Minister for Agriculture Mary Coughlan tonight defended her allocation of an EU sugar industry restructuring fund to processor Greencore amid accusations from farmers she was backing big business over farming families.
Irish Farmers’ Association (IFA) President Padraig Walshe said the deal awarded €98m compensation to the firm and labelled it one of the most flawed decisions ever presided over by this Government.
But Ms Coughlan claimed the settlement amounted to €312m in total with the country’s 3,700 beet growers guaranteed €123m under the Single Farm Payment Scheme and €44m to help them diversify.
The minister said an additional €47.1m was being handed to farmers under today’s final settlement.
She said in total €214m would go to growers and contractors with €98m going to Greencore.
“The Government decision was fair and balanced and was consistent with objective and non-discriminatory criteria and would provide a plan with a sound economic balance,” the minister said.
“Providing full compensation for growers and contractors as well as for redundant workers was consistent with achieving a sound economic balance.”
But the IFA labelled it an absolute disgrace. Mr Walshe said while growers had lost everything, the minister had transferred €100m to the balance sheet of Greencore to be divvied out to speculators and foreign investors.
Mr Walshe accused the minister of failing to take into account the windfall profits Greencore shareholders would reap from property development.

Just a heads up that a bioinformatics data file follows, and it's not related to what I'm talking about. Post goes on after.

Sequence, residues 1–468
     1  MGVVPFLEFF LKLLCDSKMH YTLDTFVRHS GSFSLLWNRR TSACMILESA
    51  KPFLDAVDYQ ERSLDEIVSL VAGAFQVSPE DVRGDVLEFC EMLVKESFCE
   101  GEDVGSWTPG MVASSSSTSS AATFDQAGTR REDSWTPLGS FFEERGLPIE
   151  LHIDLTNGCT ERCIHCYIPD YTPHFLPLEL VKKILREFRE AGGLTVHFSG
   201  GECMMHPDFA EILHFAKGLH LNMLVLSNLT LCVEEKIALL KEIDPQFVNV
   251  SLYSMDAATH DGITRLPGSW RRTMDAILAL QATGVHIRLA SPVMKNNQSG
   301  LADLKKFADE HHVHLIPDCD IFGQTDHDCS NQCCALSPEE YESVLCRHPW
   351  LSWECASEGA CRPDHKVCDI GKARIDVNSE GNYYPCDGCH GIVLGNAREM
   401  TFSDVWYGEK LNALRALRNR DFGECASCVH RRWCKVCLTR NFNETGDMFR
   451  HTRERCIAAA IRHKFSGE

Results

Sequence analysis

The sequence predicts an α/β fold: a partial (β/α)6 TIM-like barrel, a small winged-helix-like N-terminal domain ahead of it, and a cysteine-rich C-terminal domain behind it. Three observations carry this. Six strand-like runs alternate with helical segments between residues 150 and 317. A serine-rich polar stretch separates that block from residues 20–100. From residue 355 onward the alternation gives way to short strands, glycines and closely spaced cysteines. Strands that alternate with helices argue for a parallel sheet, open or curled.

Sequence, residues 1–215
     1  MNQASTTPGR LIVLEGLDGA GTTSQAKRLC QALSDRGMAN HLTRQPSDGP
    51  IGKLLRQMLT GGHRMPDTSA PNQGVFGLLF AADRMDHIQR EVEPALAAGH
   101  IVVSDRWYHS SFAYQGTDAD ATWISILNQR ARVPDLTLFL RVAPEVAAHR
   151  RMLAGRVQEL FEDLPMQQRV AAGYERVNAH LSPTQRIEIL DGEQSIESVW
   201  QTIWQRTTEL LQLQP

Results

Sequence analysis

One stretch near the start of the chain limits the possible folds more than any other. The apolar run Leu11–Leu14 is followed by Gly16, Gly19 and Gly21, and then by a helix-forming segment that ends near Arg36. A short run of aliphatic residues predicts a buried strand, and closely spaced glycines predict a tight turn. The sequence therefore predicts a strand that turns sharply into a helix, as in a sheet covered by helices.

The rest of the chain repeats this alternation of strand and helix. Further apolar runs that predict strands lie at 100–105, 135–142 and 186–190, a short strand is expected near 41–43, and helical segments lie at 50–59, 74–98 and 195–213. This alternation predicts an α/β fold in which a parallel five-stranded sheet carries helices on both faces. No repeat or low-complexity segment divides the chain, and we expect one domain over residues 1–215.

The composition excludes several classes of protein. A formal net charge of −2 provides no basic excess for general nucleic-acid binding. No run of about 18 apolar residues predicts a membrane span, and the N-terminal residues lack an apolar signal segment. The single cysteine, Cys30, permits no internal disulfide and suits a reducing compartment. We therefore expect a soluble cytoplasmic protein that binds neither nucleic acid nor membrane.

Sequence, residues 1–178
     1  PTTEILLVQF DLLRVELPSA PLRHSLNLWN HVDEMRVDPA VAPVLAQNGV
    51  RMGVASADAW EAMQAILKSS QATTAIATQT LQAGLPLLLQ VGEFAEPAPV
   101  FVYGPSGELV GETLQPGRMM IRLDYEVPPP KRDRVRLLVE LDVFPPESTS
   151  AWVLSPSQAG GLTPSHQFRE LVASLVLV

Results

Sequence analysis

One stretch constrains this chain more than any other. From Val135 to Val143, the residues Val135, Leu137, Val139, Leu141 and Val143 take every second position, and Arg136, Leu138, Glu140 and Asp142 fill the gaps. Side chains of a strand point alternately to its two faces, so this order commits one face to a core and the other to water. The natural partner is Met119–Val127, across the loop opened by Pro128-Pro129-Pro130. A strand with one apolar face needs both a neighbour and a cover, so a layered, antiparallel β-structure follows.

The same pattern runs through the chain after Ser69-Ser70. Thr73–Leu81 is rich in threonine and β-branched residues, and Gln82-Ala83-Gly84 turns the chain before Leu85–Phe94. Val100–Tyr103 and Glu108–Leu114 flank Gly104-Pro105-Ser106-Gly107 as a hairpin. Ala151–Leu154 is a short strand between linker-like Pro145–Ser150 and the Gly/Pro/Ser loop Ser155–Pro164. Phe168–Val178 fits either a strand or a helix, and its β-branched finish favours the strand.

“The reality is the minister backed big business against farm families which was the final insult after 80 years of growing beet,” he said.
“When the EU Council of Ministers decided last November to give the power to allocate the EU funds, they certainly never intended Minister Coughlan to allocate less than 30% to Irish growers.”
IFA Sugar Beet Chairman Peadar Jordan said it was a betrayal of farmers and had added to the catalogue of mismanagement by the minister of the whole sugar reform.
Colm Markey, Macra na Feirme national president, said he was very disappointed farmers had been given a raw deal while Greencore got a golden handshake.
“It is totally unacceptable that the Government has given a Plc like Greencore the majority of the compensation fund,” said Mr Markey.
“The demise of the sugar beet industry will have a devastating effect on the entire tillage sector and a detrimental effect on the rural economy. Today’s announcement will rub salt in the wounds of farmers.”
But Ms Coughlan hit back insisting she had done her bit for the industry: “The success of my negotiating strategy in these difficult negotiations was reflected in the final compensation package worth over €310m, which was way beyond the most optimistic expectations.”
Opposition TDs rounded on the minister for failing their constituents. Denis Naughten, Fine Gael agriculture and food spokesman, labelled the deal a slap in the face for growers.
“The lion’s share of compensation is both going directly and indirectly to Greencore with farmers getting slightly over a quarter of the available compensation,” he said.
“This is a far cry from the traditional 60-40 split in the beet crop returns.”
Martin Ferris, Sinn Féin agriculture spokesman, said the payout is a disgrace.
“This decision means the property developers and British investors in Greencore are now shamefully being rewarded for asset stripping Greencore, leaving the industry and destroying the livelihood of Ireland’s 3,700 sugar beet growers,” the North Kerry TD said.